7. I already mentioned that the official reason for my visit to Sydney was my University class on Aboriginal Art and Culture. Up until the point that I took this course, I had no idea about the cultural heritage and wealth of paintings produced by the Pintupi, some of the most traditional people in Australia. I would highly recommend visiting the Art Gallery of New South Wales and the Australian Museum to learn more about this topic, and in particular within the Art Gallery of New South Wales, the Yiribana Gallery which is home to the Aboriginal and Torres Strait Islander Collection.

8. Nearby the Art Gallery of New South Wales, the Royal Botanic Gardens became another of my favorite spots to read books and relax after my classes. Beyond the lovely view on the Opera House, within these Gardens you can admire the myriad plants and flowers at the Fernery and the Rose Garden & Pavilion.

The Royal Botanic Gardens

9. Speaking about gardens, another oasis of tranquillity that impressed me in Sydney was the Chinese Garden of Friendship, which provides insight into the Chinese culture through a traditional teahouse, and a garden with meany lakes and waterfalls. What mesmerised me the most about this place were the (huge!) friendly lizards running freely across the park. I had never seen so many of them, so close to me.

10. Not far from the Chinese Garden of Friendship, another place where I went for many evening walks was the Darling Harbour, a bustling waterfront area with plenty of trendy cafés. One of my favorite meals in Sydney was actually a seafood platter that I ordered at Adria, a restaurant there with a great view.

11. On my way from the Darling Harbour to The Rocks for my lectures, I would often cross the Central Business District and pass by the Queen Victoria Building, a Romanesque-style building that is home to many stores and totally worth checking out for its splendid, heritage-listed architecture.

12. And, just a few minutes away from the Queen Victoria Building, another attraction that I really enjoyed visiting was the Sydney Tower Eye, a landmark building which has an observation deck and an outdoor viewing platform with a breathtaking 360-degree view of the city. It's the tallest building in Sydney and chances are, you won't get a better panoramic shot of this stunning city from anywhere else.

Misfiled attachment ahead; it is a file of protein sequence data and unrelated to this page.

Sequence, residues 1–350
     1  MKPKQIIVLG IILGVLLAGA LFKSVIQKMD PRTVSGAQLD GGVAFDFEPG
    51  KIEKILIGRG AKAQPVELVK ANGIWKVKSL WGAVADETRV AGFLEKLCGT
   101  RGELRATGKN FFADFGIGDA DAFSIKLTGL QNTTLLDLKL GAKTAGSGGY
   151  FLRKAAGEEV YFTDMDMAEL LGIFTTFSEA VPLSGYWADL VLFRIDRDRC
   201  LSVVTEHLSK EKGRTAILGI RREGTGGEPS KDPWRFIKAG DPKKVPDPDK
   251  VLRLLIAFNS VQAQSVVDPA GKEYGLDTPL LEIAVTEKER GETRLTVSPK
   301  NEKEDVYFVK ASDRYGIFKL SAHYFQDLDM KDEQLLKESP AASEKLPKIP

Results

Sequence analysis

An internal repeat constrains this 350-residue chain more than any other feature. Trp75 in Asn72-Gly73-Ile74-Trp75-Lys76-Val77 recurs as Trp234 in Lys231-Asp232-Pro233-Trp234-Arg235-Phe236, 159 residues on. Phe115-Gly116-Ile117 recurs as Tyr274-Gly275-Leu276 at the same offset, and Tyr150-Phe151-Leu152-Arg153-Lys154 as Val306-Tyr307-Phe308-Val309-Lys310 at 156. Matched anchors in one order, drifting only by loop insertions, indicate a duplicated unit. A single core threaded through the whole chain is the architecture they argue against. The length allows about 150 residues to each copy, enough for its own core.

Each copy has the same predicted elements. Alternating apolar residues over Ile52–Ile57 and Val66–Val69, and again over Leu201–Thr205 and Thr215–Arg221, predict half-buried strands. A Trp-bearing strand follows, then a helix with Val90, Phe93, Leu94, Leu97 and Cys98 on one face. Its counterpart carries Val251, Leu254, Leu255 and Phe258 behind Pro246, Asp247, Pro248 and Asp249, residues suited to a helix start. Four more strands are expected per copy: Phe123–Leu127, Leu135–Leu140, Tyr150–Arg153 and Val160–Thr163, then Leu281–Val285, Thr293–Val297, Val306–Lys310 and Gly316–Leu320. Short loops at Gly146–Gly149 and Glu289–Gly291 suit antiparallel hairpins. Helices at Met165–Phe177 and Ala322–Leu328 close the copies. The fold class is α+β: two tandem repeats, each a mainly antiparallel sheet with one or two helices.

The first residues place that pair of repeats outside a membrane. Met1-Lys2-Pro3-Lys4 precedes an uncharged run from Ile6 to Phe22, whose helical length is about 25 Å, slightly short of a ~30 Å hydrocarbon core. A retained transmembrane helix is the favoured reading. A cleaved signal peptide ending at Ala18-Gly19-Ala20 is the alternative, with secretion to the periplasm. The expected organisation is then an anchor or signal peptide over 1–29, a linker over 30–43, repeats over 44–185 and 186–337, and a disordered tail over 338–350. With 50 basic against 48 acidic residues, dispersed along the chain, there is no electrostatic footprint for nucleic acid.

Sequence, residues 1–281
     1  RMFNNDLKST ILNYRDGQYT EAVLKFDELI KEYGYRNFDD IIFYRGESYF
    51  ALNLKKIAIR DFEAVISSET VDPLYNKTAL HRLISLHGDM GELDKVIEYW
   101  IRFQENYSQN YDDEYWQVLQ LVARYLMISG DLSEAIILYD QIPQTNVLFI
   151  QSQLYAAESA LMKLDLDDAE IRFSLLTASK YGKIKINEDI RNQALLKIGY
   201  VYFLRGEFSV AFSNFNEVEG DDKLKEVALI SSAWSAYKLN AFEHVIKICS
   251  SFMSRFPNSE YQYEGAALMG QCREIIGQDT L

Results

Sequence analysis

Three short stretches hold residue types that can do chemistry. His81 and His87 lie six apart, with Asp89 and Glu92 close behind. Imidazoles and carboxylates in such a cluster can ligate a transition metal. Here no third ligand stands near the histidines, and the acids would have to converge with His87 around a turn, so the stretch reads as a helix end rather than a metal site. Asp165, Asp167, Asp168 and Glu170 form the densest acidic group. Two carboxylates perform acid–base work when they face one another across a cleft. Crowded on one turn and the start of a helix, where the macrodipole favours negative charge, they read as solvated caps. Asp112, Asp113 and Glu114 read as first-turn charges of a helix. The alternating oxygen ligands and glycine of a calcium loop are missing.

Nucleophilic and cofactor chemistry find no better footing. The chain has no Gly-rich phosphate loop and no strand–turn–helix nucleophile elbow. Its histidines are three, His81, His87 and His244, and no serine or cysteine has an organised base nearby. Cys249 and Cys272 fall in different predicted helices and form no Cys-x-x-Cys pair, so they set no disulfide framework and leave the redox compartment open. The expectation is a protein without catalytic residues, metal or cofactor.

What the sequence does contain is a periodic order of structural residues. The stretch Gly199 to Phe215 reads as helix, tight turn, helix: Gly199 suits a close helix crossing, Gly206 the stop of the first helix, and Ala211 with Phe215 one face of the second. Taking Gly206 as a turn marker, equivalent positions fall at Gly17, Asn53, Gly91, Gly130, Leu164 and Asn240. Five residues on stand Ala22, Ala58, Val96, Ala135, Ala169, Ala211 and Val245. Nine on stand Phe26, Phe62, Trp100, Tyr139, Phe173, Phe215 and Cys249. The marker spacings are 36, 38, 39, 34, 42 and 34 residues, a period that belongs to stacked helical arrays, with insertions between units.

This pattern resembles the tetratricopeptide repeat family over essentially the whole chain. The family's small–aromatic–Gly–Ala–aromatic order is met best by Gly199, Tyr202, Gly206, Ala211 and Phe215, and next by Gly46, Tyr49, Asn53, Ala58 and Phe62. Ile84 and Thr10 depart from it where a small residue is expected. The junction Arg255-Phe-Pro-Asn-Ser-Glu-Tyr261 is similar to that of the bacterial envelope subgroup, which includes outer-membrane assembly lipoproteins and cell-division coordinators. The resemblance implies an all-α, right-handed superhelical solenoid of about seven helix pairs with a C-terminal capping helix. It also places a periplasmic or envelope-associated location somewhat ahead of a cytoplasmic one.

13. Within the same area, I would also recommend checking out Hyde Park, a 16-hectare heritage-listed park located right within the heart of the vibrant Central Business District. You will see people having picnics on the green grass or exercising here, as it's a great place to take a break and breathe some fresh air (even though you're literally surrounded by the urban jungle of skyscrapers and people rushing to work).

A sunset walk around the Central Business District

14. Another excellent spot for a walk among grassy areas and leafy trees, with the bonus of a scenic waterfront view, is the Barangaroo Reserve, located on the edge of the Central Business District and featuring some of the best views of the Harbour Bridge I could capture. I would definitely recommend spending some time walking around this park and participating in the Aboriginal Culture Tour, a walking tour of the area thanks to which I learned more about the native history of the Sydney Harbour.

Views from the Barangaroo Reserve

15. If I was to pick my favourite experience during my three weeks in Sydney, it'd be very hard to choose just one, but I would probably say it was the iconic 6-km coastal walk from Bondi Beach to Cogee Beach. This cliff-top urban coastal walk features some of the most incredible views of beaches, cliffs, rocks, and infinity pools above the sea that I have ever seen. Here are some of my favourite shots from Hunter Park, on the way from Bondi towards Tamarama Beach and Bronte Beach.

Hunter Park, Bondi to Bronte Coastal Walk